Design Goals

When creating our camp cycle system, we did so with three goals in mind.

First, we designed Camp Cycle for downtime and exploration management. The structure, therefore, includes rules for resource harvesting, navigation, getting lost, and finding your way again. A Camp Cycle’s structure is around having its players constantly making new discoveries (even in places they have been before) as they traverse the world.

Second, building on that, the Eternity Engine attempts to turn overland travel into a minigame to keep both players and Game Master from getting off track. The purpose is to allow for the passage of time, without the players becoming wrapped up into the details of their character sheet, which often contains rules that only affect daily adventure.

Thirdly, to support all these goals (hidden hexes, exploration, reusable material) we want to introduce uncertainty into whether the keyed content of a particular hex would even be experienced by the group in question (instead of the group automatically triggering the content when the hex is entered). Our hope is that with Camp Cycle rules, more of our games will find themselves nearing the finish line intact, still piloted by their original cast members.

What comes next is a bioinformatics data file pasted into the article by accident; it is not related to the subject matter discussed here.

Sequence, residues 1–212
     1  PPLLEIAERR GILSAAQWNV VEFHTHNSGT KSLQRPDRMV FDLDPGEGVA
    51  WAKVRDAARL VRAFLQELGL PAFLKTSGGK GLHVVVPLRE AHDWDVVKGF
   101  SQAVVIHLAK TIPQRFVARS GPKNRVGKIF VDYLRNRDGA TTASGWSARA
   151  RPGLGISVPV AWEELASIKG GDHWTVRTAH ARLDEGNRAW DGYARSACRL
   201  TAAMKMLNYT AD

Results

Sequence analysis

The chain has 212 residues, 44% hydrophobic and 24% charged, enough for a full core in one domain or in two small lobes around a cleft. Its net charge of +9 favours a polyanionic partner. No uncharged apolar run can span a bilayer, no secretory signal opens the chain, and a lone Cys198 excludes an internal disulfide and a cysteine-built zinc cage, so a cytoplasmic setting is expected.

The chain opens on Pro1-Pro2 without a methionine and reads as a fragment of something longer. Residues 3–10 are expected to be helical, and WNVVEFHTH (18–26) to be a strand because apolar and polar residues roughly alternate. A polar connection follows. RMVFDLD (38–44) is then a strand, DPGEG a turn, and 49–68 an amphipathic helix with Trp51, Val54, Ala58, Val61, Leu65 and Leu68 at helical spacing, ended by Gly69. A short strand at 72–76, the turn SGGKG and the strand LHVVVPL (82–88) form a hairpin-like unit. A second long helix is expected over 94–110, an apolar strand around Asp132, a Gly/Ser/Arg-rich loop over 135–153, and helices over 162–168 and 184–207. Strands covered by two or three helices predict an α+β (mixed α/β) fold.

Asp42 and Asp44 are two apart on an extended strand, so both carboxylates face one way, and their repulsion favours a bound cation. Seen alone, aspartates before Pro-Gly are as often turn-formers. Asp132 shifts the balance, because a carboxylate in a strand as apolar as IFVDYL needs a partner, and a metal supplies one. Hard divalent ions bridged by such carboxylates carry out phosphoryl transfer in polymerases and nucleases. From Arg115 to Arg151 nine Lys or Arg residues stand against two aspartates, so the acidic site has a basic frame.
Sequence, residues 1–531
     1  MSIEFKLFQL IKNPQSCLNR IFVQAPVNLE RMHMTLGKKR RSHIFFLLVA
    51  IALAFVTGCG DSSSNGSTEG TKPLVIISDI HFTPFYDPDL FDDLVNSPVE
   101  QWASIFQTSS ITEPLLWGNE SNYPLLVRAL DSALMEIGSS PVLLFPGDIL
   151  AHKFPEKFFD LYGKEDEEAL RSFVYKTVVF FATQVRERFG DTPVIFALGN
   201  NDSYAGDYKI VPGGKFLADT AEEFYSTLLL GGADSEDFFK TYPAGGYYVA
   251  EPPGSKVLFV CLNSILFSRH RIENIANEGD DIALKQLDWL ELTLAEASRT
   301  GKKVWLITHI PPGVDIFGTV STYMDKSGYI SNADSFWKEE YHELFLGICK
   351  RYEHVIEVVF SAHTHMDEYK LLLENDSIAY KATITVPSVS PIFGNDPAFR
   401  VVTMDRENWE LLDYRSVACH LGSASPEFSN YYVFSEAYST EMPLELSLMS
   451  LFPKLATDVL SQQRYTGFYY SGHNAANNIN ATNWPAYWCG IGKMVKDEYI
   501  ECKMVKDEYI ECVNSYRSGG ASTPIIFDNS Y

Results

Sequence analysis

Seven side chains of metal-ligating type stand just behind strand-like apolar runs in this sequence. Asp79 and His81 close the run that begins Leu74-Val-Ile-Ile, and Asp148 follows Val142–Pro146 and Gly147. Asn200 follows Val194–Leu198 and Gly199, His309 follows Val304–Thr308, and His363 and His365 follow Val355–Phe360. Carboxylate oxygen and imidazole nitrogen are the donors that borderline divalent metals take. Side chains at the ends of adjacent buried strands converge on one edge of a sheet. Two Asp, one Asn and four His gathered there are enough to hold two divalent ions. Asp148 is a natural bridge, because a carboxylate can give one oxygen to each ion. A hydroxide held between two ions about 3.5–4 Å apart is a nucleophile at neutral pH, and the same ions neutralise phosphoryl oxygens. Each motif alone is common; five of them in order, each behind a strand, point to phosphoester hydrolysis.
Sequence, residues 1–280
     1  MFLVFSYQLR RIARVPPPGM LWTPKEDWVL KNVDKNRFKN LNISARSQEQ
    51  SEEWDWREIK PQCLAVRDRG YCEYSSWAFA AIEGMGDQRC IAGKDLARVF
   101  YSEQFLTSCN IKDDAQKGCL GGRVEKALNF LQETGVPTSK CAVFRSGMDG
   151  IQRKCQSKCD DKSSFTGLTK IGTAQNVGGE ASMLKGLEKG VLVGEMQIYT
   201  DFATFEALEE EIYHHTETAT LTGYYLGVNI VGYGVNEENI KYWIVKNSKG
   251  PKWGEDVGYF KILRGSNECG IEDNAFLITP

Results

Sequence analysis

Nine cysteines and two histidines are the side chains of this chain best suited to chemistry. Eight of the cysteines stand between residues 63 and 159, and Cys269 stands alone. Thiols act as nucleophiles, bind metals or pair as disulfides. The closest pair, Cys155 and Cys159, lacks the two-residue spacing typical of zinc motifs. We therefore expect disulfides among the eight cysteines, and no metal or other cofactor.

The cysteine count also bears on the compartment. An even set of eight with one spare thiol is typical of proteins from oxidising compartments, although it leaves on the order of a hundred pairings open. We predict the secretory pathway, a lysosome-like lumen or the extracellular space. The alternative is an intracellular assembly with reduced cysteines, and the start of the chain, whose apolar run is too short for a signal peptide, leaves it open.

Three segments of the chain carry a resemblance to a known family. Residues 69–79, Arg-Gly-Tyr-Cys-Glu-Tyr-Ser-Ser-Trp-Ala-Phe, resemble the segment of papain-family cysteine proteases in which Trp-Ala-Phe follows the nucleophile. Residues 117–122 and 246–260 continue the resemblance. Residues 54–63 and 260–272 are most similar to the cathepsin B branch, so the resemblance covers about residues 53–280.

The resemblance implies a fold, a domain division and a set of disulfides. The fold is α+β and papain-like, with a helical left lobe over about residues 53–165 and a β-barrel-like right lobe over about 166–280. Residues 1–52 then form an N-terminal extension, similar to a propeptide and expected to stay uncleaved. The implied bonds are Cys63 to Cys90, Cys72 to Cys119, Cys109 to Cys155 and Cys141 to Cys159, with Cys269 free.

So, we present to you Camp Cycle, a system for generating encounters (to both create content and to replace the ephemeral hex keys), keeping what happens between each delve as dynamic as the rest of the adventure.

Camp Cycle

Our system for generating encounters (to both create content and to replace the ephemeral hex keys), keeps what happens between each delve as dynamic as the rest of the adventure. Many aspects of an adventure take place not in a dungeon or a combat against uncalculatable foes, but among your companions, hirelings, workers, and beasts of burden. By centering the core of the Eternity Engine’s gameplay to a back and forth between the mission and the journey, we have found what we believe to be a healthy medium in order to tell any story the players and GM desire.

Between each adventure scene, players must engage in a Camp Cycle. The time required to complete a cycle is not set in stone, and the actions players choose will determine how long until the group is ready to move on. During the cycle, players must make decisions about how their character will spend time & resources while recuperating from their previous challenges and/or conflicts. Of course, this is represented through applicable skill checks. Note the following: